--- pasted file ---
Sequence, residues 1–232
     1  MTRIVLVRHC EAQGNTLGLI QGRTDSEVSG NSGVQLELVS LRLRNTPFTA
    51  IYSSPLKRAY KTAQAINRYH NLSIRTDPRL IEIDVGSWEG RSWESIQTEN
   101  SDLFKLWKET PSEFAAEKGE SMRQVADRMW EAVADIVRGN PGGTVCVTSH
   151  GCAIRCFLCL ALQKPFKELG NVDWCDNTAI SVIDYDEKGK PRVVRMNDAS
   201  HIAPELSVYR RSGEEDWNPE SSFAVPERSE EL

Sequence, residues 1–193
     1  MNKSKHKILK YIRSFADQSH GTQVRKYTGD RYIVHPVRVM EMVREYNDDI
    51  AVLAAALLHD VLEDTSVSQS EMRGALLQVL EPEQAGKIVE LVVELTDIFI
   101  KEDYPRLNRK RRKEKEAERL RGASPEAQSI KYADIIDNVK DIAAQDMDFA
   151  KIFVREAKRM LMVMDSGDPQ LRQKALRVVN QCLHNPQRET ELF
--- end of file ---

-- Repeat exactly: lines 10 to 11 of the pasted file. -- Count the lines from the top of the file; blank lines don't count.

   101  KEDYPRLNRK RRKEKEAERL RGASPEAQSI KYADIIDNVK DIAAQDMDFA
   151  KIFVREAKRM LMVMDSGDPQ LRQKALRVVN QCLHNPQRET ELF